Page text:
Bill C-61 and DRM: How the Canadian Constitution ensures a balance of copyrights

Bill C-61 and DRM: How the Canadian Constitution ensures a balance of copyrights

Virgil Cojocaru is a JD candidate at Osgoode Hall Law School.

Professor Emir Aly Crowne-Mohammed and Yonatan Rozenszajn argue in their article, DRM Roll Please: Is Digital Rights Management Legislation Unconstitutional in Canada? that the Digital Rights Management (DRM) Provisions in Bill C-61 are ultra vires (Latin for "beyond the powers") of Parliament’s power under the Constitution Act.  Bill C-61 was Canada’s most recent attempt to implement the WIPO Copyright Treaty (WCT) and the WIPO Performances and Phonograms Treaty (WPPT).

A similar analysis was also conducted for Bill C-60, when there was a real possibility it would become law (see Professor Jeremy DeBeer’s Constitutional Jurisdiction Over Paracopyright Laws). Both Bill C-61 and C-60 included DRM provisions. They both grant a civil cause of action to a rights holder. If one wants a thorough understanding of this subject, they should read both articles.

DRM is a regime enforced by technological protection measures (TPMs). Briefly speaking, there are three main types.  Access controls, copy controls, and anti-device measures. Access controls prompt a user for a password or even a specific encryption key before allowing access to the content. Copy controls, as the name implies, prevent a user from copying digital signals. Lastly, anti device measures tie a digital work to a certain device, the most common example being a DVD to its player. Rights owners can place all or some of these measures on a particular digital work.

Professor Crowne-Mohammed and Rozenszajn argue Bill C-61 goes over the threshold of what is necessary in achieving the standards set out in the WCT and WPPT. Perhaps, if Parliament had adhered to the standards of the treaties to only provide legal protection, instead of requiring the protection of technological measures to be incorporated into the Copyright Act, Parliament’s attempt would not be ultra vires. One should not assume that TPMs should be placed in the Copyright Act.  They could be addressed in other areas of the law.

Professor Crowne-Mohammed and Rozenszajn also suggest that the effects of this implementation would be quite drastic. First, this new right to control access under Bill C-61 places copyright in the realm of contracts, and thus under one of the provincial heads of power. Although section 91(23) of the Constitution Act, 1867 gives Parliament the power to legislate in regards to copyrights, section 41.1 in Bill C-61 deals with contracts, and thus the right to a civil cause of action, upon a breach. However, this seems to come under the purview of the provinces under section 92(13) of the Constitution Act, which deals with contracts and civil rights. Even so, Professor Jeremy DeBeer states that the provincial and federal heads of power are not held to be watertight, and they do overlap on complex issues. This suggests that amendments or provisions such as section 41.1 can stand if sufficiently integrated into valid federal legislation (such as the Copyright Act), despite going into the province’s domain.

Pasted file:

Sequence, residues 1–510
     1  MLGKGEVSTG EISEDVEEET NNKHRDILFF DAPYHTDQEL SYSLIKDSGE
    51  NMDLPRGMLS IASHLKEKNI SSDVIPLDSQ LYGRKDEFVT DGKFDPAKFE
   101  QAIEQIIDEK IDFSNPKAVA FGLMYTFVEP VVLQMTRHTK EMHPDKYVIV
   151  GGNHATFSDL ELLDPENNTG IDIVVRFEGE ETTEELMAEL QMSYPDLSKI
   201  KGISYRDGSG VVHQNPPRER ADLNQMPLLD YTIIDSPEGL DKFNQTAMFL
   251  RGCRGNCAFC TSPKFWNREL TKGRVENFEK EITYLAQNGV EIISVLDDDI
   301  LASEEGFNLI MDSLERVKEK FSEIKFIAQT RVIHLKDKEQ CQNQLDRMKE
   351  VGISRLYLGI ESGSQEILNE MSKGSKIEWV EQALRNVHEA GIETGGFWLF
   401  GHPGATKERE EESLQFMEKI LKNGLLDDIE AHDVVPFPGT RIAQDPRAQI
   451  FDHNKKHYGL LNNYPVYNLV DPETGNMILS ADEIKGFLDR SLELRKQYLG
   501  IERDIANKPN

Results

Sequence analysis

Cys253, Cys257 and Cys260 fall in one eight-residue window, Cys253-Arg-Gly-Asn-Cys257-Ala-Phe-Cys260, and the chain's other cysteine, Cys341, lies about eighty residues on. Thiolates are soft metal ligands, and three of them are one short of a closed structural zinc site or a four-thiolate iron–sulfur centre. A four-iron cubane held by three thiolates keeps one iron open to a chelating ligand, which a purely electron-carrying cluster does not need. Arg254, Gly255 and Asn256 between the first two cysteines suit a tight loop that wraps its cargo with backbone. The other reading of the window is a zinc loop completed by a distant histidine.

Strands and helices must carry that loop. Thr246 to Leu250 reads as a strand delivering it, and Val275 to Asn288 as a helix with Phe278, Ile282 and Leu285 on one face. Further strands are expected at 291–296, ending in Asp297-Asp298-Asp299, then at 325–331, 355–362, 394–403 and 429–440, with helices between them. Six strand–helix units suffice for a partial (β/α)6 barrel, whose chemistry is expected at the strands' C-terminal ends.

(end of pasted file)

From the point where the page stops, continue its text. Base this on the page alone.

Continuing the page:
Professor Crowne-Mohammed and Rozenszajn address this argument by considering two more issues. First, is section 41.1 in Bill C-61 part of an overall valid federal legislative scheme? Second, is it sufficiently integrated into that legislation? The answer to the former question is yes, Bill C-61 and its provisions were meant to be an amendment to the Copyright Act. However, the DRM provisions, such as section 41.1 in Bill C-61 are not integrated enough because they are triggered by a contractual breach; not a copyright infringement. Due to this feature, the fair dealing provisions do not apply to DRMs.  Yet, in CCH, the Supreme Court of Canada, through its consideration of fair dealing factors such as purpose, character, amount, alternatives, nature, and effect of the dealing on the work, made it clear that the principle of ‘fair’ dealing is a critical component of Canadian copyright law. Furthermore, DRM measures could be placed on works that would not fall under the purview of copyright, due to their lack of originality. Hence, Professor Crowne-Mohammed and Rozenszajn conclude that Bill C-61 does not contain fair dealing “limitations or exceptions” and provisions such as section 41.1 are not integrated in the Copyright Act and are are ultra vires of Parliament’s legislative powers.

In summary, the DRM provisions fall under provincial powers. They could be saved if they were sufficiently integrated in the Copyright Act, but their operation upon contractual breach (and hence removal of fair dealing considerations) makes integration with the Copyright Act unlikely.